Canadian Railway Office of Arbitration

Case No. 2482

Heard in Calgary, Tuesday, 14 June 1994


Canadian Pacific Limited


Brotherhood of Maintenance of Way Employees

ex parte


Dismissal of Machine Operator S. Drury.

Ex Parte Statement of Issue

Between September 30 and October 8, 1992 the grievor charged a number of personal long distance telephone calls to the Company. For this he was dismissed on December 16, 1992.

The Brotherhood contends that the discipline assessed to the grievor was excessive and unwarranted in the circumstances.

The Brotherhood requests that the grievor be reinstated without loss of seniority and with full compensation for all benefits and wages lost as a result of this matter.

The Company denies the Brotherhood's contentions and declines its requests.

The grievor had twelve years of service with the Company and possessed thirty demerits at the time of dismissal.

for the Brotherhood:

(sgd.) D. McCracken

System Federation General Chairman

There appeared on behalf of the Company:

R. M. Andrews – Labour Relations Officer, Vancouver

D. T. Cooke – Manager, Labour Relations, Montreal

And on behalf of the Brotherhood:

P. Davidson – Counsel, Ottawa

D. McCracken – System Federation General Chairman, Ottawa

D. Brown – Senior Counsel, Ottawa

K. Deptuck – National Vice-President, Ottawa

Wm. Brehl – General Chairman, Vancouver


award of the Arbitrator

As reflected in the Brotherhood’s Statement of Issue, the grievor was discharged for the unauthorized use of the Company’s telephones for making personal long distance calls. It does not appear disputed that during the period in question he made some thirteen calls totaling approximately $25.00 in value. Before the Arbitrator it was not disputed that it is contrary to Company policy for employees to charge personal long distance telephone calls to the Company, save in certain exceptions as, for example, when an employee is required to make calls in relation to arrangements for working overtime, or some similar circumstance.

In its submission, the Company argues that the conduct of the grievor was tantamount to theft which, in its view, rendered the grievor’s conduct a dismissible offence. While it cited no prior decisions of this Office to this effect, it draws to the Arbitrator’s attention a number of awards in other industries where the misuse of an employer’s telephone for personal long distance calls was found to be a form of misappropriation warranting discharge. There can be little doubt that in some cases the knowing and fraudulent misuse of a Company’s telephones for making personal long distance calls, charged to the employer, may constitute a form of misappropriation deserving of serious discipline. Where a clear rule has been established and communicated to the employee, and he or she has violated that rule for personal financial gain at the expense of the employer, a case can be made that the bond of trust fundamental to the employment relationship has been breached. However, regard must also be had to any mitigating factors which may arise in the circumstances of any individual case.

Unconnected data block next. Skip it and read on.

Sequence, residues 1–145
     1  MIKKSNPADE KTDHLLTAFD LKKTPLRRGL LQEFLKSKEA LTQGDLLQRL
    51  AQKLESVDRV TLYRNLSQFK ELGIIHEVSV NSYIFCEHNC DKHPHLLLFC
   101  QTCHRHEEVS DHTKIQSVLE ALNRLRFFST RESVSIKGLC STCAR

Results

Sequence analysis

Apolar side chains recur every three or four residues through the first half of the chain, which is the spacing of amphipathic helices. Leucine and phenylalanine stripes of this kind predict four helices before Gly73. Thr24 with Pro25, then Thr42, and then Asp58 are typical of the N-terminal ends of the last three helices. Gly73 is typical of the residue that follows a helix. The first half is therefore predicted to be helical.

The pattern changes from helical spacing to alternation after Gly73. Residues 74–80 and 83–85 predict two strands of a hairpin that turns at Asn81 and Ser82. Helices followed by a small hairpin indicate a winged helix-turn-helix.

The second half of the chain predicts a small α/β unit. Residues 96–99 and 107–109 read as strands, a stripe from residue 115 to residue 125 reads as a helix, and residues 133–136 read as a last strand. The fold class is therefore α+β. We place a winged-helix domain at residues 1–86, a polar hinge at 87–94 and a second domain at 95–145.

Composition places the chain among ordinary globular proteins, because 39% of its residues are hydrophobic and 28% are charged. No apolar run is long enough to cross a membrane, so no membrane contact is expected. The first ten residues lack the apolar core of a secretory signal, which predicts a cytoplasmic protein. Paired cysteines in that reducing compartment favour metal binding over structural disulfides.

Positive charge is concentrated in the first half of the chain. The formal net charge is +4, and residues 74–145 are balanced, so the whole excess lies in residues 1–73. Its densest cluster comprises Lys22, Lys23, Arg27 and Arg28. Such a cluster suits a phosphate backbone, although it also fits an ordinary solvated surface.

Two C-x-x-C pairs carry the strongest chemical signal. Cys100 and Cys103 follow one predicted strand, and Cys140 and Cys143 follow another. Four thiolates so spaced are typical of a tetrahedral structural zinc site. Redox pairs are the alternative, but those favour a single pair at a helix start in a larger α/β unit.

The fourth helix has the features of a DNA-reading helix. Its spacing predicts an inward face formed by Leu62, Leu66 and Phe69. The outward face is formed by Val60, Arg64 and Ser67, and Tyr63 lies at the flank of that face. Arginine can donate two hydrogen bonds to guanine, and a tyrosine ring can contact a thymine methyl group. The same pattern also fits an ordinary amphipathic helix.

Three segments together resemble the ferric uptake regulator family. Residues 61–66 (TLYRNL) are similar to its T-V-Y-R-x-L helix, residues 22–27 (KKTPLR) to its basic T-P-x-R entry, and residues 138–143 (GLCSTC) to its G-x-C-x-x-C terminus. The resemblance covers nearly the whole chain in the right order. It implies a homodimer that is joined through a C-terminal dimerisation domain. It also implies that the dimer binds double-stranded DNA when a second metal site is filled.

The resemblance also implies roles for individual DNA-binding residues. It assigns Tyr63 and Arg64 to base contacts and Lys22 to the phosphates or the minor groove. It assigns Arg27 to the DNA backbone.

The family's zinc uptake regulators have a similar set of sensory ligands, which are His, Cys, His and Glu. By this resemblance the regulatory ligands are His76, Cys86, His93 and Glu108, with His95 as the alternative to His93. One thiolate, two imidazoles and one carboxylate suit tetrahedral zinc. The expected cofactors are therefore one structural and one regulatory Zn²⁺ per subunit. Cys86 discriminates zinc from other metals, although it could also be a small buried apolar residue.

The prior awards of this Office reflect that the Company has not always treated the charging of personal long distance telephone calls to the Company as grounds for discharge. In CROA 1650, a grievance involving the Company and the then Brotherhood of Railway, Airline and Steamship Clerks, an employee was assessed twenty-five demerit marks for charging personal long distance telephone calls, of a value of some $16.00, to Company telephone accounts. In that case the Arbitrator reduced the discipline to fifteen demerits, and made the following observations:

It is not disputed that the grievor made some 13 long distance calls to his home, without authorization, with a resulting charge of $16.07 being made to the Company. The sole issue is whether the assessment of 25 demerits is excessive in the circumstances, as contended by the Union.

The Company points to a number of other cases involving employees in separate bargaining units where similar infractions have been dealt with by the assessment of a comparable measure of demerits. There is nothing in the material before the Arbitrator, however, to indicate the circumstances of those cases in any detail, nor is there any reference to the prior disciplinary record of the individuals concerned.